Stinging Benghazi report leads to three resignations
An independent panel faults two State Department offices for the security shortcomings that contributed to the deaths of four Americans in Benghazi, Libya, on Sept. 11.
Washington — A stinging independent inquiry into the Sept. 11 attack on the US diplomatic mission in Benghazi, Libya, faults a confused and unresponsive State Department for security shortcomings that contributed to the deaths of four Americans, including the US ambassador to Libya.
On Tuesday night, the investigative panel released its declassified version of the report, which concludes with more than two dozen recommendations for improving diplomatic security in dangerous places like Benghazi and eastern Libya. The recommendations range from keeping security personnel on a particular assignment longer so they develop knowledge of local conditions to calling for US security at diplomatic missions to become more “self-reliant.” (The US had turned to local militias to help protect the Benghazi site.)
Three State Department officials, including two involved with security at Benghazi, resigned Wednesday in the wake of the report, according to news reports.
Tuesday's report shifts the focus on the Benghazi attack away from the political questions of who knew what and when to the broader question of diplomatic security in increasingly unstable places.
Republican outrage at how the Obama administration initially characterized the attack has already led Susan Rice, the US ambassador to the United Nations, to withdraw her name from consideration as a replacement for Hillary Rodham Clinton as secretary of State. Ambassador Rice famously appeared on Sunday news shows and characterized the attack as a demonstration against an anti-Islam video. She did not link it to terrorists.
Secretary Clinton, who has already accepted full responsibility for the Benghazi tragedy, said in a letter to Congress that she was committed to acting on each of the report's 29 recommendations. Some of the steps are already being taken, department officials say.
For example, the State Department is asking Congress to allow it to shift hundreds of millions of dollars in budgeted spending to security measures, such as assigning more US Marines to diplomatic posts. It has also named a senior diplomat to focus on diplomatic security in dangerous places.
In addition, the department is working to ensure that experienced security personnel are assigned to unstable settings like Benghazi, and that they stay in those posts longer, the officials add.
The five-person investigative panel, which includes retired former Chairman of the Joint Chiefs of Staff Adm. Mike Mullen and is led by retired diplomat Thomas Pickering, faulted the US security team for relying excessively on specific threats – rather than overall security trends – before taking action.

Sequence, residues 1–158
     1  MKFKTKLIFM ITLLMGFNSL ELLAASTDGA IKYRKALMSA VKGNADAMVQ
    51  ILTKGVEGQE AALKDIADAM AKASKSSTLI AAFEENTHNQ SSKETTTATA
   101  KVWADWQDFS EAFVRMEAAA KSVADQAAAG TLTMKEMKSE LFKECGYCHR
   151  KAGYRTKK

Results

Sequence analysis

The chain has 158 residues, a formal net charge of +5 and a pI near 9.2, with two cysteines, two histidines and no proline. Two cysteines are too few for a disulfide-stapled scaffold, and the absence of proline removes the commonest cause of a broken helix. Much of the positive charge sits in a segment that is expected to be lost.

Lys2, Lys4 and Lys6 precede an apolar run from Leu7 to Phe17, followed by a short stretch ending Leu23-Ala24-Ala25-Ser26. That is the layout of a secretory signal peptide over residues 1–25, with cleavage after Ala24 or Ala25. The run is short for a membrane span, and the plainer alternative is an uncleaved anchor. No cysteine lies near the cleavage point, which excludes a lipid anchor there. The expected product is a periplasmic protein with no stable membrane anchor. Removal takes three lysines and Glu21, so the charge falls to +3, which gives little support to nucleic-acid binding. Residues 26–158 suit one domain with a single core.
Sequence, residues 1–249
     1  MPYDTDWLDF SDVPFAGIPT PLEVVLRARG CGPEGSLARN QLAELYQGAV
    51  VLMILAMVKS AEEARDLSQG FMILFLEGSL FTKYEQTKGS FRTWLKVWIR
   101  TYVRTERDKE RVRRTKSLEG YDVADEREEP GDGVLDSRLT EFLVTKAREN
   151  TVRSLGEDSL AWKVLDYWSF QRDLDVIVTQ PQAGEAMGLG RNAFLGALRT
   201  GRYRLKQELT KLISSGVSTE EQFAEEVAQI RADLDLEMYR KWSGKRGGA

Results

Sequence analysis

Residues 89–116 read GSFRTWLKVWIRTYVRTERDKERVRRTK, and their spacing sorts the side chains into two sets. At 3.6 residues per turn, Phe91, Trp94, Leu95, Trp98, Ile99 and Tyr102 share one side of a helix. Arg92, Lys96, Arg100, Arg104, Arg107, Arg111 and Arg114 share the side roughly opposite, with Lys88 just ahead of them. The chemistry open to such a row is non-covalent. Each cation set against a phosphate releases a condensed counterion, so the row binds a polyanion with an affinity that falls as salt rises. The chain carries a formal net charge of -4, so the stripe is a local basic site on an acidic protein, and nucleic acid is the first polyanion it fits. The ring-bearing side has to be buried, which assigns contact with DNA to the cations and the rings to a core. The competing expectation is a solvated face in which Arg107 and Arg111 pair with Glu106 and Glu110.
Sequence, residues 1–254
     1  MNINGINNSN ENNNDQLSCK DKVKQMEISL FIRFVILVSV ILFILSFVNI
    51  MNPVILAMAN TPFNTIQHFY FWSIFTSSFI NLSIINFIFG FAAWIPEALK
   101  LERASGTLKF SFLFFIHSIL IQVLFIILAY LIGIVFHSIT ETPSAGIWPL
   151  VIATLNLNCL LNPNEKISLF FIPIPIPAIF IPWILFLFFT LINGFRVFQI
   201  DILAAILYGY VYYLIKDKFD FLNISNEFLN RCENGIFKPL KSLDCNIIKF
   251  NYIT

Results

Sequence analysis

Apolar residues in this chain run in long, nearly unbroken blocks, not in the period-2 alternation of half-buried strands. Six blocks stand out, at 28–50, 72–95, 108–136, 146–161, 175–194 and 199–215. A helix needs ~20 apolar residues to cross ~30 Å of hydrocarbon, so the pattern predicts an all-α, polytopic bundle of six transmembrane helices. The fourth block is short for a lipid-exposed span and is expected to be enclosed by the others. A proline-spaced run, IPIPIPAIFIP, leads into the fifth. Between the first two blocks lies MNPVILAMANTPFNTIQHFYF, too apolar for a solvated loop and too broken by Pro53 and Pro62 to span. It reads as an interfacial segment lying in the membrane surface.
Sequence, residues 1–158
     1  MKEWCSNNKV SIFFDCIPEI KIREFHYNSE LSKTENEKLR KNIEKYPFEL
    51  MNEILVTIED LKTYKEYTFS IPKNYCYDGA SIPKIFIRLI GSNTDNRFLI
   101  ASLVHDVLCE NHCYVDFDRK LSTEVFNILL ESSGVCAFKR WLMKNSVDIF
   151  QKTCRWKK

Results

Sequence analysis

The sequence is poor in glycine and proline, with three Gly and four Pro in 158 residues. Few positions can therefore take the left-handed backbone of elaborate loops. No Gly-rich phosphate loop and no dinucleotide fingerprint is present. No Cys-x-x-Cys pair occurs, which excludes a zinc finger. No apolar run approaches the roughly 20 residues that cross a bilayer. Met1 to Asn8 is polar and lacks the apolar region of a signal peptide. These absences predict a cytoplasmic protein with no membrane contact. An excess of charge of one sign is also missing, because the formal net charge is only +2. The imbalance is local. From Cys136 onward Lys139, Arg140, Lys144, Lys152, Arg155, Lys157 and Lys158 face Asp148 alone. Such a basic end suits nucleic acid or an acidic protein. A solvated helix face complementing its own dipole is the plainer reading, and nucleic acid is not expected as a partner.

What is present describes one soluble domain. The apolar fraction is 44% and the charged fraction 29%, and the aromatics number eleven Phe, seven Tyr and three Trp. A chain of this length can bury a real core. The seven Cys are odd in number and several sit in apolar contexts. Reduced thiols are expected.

The small Benghazi mission had not registered any threats of a direct attack, but there were ample signs of the area’s deteriorating conditions, the report said. These included an attack on a British diplomatic motorcade and an earlier bombing outside the US diplomatic facility.
The Benghazi assault has also prompted debate over how to beef up security without restricting the “people-to-people diplomacy” considered essential by a growing number of today’s diplomats.
US Ambassador to Libya Christopher Stevens, who was among the Americans killed in the attack, was one of these “new” diplomats, and a number of his colleagues have said that he would not want his death to result in diplomats being confined to bunkers.
But the report does fault the State Department for not acting on the ambassador’s report in August of a “security vacuum” in Benghazi, while also suggesting that Ambassador Stevens allowed his familiarity with Benghazi to sway his personal decision to visit the city with a sparse security detail.
Stevens, who served as the US envoy to the Libyan opposition centered in Benghazi before being named ambassador after Muammar Qaddafi’s demise, had not been in Benghazi for 10 months before his September trip. And despite his own reports of deteriorating security and the Tripoli embassy’s request for more security for the Benghazi mission, he traveled to Benghazi with only two American security agents, the report finds.
“His status as the leading US government advocate on Libya policy, and his expertise on Benghazi in particular, caused Washington to give unusual deference to his judgments,” the report states.
The report specifically faults two State Department offices – Near Eastern Affairs and Diplomatic Security – for the security shortfall and for failing to better coordinate their efforts to protect diplomatic missions like Benghazi in the turbulent region of the Arab Awakening. The report also says that a number of officials in these departments and elsewhere exercised poor leadership in addressing the Libyan security challenge.
The head of Diplomatic Security, Eric Boswell, resigned Wednesday, as did Charlene Lamb, the deputy assistant secretary for embassy security. The third official to resign is from the Near Eastern Affairs bureau, according to sources.
Mullen and Mr. Pickering were to discuss the classified version of the report with congressional committees in closed-door sessions on Wednesday, while senior State Department officials are to appear at public congressional hearings on the report Thursday.